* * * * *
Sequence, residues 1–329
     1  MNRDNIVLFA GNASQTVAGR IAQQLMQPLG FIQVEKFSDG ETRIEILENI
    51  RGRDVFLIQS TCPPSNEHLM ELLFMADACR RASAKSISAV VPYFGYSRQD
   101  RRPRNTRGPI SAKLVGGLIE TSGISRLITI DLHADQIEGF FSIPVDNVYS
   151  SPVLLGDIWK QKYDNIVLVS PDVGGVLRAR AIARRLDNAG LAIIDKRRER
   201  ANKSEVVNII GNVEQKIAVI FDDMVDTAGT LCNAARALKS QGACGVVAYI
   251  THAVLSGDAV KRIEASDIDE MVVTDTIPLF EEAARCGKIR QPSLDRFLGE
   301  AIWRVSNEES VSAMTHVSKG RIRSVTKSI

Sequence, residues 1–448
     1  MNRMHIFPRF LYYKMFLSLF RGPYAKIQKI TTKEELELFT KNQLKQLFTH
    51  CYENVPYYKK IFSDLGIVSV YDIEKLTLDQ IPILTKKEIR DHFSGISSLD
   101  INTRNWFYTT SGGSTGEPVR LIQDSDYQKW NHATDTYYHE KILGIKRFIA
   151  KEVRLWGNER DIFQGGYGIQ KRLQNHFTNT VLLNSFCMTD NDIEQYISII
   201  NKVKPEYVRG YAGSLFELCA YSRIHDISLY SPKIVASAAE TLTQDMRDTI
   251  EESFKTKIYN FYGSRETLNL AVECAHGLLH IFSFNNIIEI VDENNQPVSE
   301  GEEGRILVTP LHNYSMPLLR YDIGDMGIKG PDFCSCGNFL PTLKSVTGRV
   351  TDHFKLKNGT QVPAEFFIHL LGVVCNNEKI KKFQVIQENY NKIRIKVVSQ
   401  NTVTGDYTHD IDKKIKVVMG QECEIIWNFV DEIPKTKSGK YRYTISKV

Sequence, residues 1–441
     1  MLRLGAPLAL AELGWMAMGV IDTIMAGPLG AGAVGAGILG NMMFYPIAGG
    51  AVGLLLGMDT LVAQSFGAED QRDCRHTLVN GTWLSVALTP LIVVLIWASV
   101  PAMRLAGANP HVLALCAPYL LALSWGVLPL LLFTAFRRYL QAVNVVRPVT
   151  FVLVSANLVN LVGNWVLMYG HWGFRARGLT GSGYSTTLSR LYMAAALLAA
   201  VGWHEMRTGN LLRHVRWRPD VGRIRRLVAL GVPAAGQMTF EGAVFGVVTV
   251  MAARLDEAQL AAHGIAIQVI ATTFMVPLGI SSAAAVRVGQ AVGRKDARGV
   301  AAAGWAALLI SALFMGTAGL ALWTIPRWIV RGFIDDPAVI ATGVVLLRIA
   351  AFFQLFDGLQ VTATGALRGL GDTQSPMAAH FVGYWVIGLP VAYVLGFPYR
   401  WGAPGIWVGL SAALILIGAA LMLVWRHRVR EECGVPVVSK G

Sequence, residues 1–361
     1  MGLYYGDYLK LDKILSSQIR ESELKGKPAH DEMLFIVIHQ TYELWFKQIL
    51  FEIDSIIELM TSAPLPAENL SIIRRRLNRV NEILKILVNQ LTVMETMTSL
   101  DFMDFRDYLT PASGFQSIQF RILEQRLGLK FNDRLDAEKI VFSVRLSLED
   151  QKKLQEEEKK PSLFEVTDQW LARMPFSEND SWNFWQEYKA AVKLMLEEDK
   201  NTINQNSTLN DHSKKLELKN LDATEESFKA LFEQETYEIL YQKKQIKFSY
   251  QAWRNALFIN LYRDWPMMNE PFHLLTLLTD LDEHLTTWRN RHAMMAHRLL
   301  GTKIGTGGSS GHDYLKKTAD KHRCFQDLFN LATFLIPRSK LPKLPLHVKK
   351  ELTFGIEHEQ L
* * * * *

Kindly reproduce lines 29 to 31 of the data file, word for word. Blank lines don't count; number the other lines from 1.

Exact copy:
Sequence, residues 1–361
     1  MGLYYGDYLK LDKILSSQIR ESELKGKPAH DEMLFIVIHQ TYELWFKQIL
    51  FEIDSIIELM TSAPLPAENL SIIRRRLNRV NEILKILVNQ LTVMETMTSL